On the horns of a dilemma
Auction markets solve a lot of our problems. Not only do they provide the best form of price discovery, they also give us a place to send our waspy critters. Like weary parents who celebrate when their bratty kids are old enough to send to school, (where they become the problems of some poor teacher), we celebrate when we finally get our wild cows corralled and the Gooseneck door is closed. When that trailer door is next opened the crazy cows, belligerent bulls and horny heifers become the problem of the courageous folks at the auction market. In many instances our bad actors do far more damage to the sale barn facilities than they bring in commission.
While cattlemen in northern climes may laugh at the lop earred, multicolored, horned cows of the great southwest, be advised that they are that way for a reason. These cattle have more enemies than their northern cousins and they use their horns as a weapon against pumas and people. Their hides are mobile air conditioners and their ears remind us that in many parts of cow country the best cow is a cross between two distinct species: the Bos Taurus and Bos Indicus. Laugh at their ears if you want ye northern cowpokes but plop down one of your good looking, hornless beasts in Fort Huachuca, Arizona in the middle of summer and you’ll see what I mean.
Having said all that, it doesn’t mean that these cattle can’t be a challenge at the auction market. One of the most important services that sale barns provide is sorting our cattle into uniform lots for the buyers. Many times I have sent a mixed load of stockers to the local auction and when they were sold I hardly recognized them. I quickly learned as a young rancher that one talented person with a sorting stick may bring your biggest premium of all. But the person doing the sorting might get killed in the process!
Years ago I got to a sale the day before and went to hang out at the auction market where we’d be dispersing a big herd the next day. Being aware of my vast judging team experience and my encyclopedic knowledge of cattle the sale manager asked if I’d be willing to help, as he was a little short handed in the labor department. I puffed out my chest, said I’d be glad to share my knowledge and was promptly told to, “Get on a gate, open it when I tell you to and try hard not to mess things up.”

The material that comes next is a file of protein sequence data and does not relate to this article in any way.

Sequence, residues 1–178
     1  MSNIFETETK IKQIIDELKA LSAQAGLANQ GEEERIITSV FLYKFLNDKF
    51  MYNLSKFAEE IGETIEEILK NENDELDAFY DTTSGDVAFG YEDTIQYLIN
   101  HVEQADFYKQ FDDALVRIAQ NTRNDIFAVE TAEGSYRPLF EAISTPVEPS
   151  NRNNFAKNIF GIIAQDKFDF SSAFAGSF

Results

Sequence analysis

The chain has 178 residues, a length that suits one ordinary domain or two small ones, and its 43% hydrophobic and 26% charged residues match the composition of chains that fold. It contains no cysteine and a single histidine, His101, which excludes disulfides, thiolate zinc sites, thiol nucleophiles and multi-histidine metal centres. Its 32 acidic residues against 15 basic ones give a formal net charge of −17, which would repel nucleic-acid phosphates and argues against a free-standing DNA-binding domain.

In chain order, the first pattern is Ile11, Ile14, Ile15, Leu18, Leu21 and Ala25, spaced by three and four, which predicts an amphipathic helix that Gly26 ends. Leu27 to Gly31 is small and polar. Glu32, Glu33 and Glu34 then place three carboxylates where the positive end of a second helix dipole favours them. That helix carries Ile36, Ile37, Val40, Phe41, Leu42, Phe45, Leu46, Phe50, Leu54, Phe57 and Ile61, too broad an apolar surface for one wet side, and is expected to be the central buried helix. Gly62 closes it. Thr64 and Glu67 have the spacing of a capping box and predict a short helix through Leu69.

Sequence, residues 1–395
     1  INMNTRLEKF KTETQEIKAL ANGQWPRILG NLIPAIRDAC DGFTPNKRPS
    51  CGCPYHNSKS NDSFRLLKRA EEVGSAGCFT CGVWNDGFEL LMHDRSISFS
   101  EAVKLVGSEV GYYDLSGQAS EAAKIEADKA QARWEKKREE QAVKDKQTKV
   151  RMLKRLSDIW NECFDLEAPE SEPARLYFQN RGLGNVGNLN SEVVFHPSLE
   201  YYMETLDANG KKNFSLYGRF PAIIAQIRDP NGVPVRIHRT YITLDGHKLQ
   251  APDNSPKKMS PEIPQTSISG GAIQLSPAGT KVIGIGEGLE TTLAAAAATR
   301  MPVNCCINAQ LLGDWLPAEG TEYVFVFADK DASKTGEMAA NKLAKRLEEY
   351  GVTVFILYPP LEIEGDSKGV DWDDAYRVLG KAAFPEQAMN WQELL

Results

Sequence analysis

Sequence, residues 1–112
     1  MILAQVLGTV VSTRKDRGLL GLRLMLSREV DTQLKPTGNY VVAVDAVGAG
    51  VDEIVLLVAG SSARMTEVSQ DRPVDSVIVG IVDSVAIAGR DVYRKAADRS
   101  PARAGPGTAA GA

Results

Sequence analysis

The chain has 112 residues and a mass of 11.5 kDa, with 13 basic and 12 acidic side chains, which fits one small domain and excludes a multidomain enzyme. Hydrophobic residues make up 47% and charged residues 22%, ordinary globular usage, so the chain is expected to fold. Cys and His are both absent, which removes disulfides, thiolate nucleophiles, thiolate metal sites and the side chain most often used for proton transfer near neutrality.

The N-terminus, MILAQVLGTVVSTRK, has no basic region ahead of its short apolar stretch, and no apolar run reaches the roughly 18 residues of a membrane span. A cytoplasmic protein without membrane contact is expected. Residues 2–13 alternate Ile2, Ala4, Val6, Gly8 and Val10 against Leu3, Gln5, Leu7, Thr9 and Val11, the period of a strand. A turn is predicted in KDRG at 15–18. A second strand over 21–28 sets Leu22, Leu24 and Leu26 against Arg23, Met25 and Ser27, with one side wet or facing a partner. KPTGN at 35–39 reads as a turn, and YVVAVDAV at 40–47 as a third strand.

The alleys that day were no place for a coward and I was put over the fence several times. The cattle weren’t crazy, just a tad bit independent, I’d say. I have one memorable cow to thank for introducing me to the solar system during those festivities. I am told it’s quite rare for anyone to see as many constellations of stars as I did that day, especially at three o’clock in the afternoon! That cow also taught me a valuable lesson: never get to a sale a day early. If you must, stay away from the auction yard.
The next day, after we had sold the cows, we sold the bulls. We ran them in as groups and on the very first pair the buyer wanted to avail himself of buyer’s choice. This put the auctioneer on the horns of a dilemma. Due to space limitations out back we’d expected to sell the bulls in groups but this guy was the biggest cow buyer and the auctioneer didn’t want to offend him. So he caved in which meant the ring men had to sort the one bull off in the ring and in doing so they put themselves in grave danger. Emphasis on the word “grave.” Then we sold the second bull to the same guy for $25 more! Sometimes it works that way.
The audience was like a bullfight crowd, seeming to love every second of the ring men’s dance with death that day. After the sale I asked one of the brave ring men if he wasn’t a little upset at the crowd for being so bloodthirsty. He looked up to the sky where a band of buzzards were making their daily rounds and said, “Those people on the seats came to see a show and they are just like those buzzards in many ways. They don’t care if the ring men or the cattle die, just as long as something does!”
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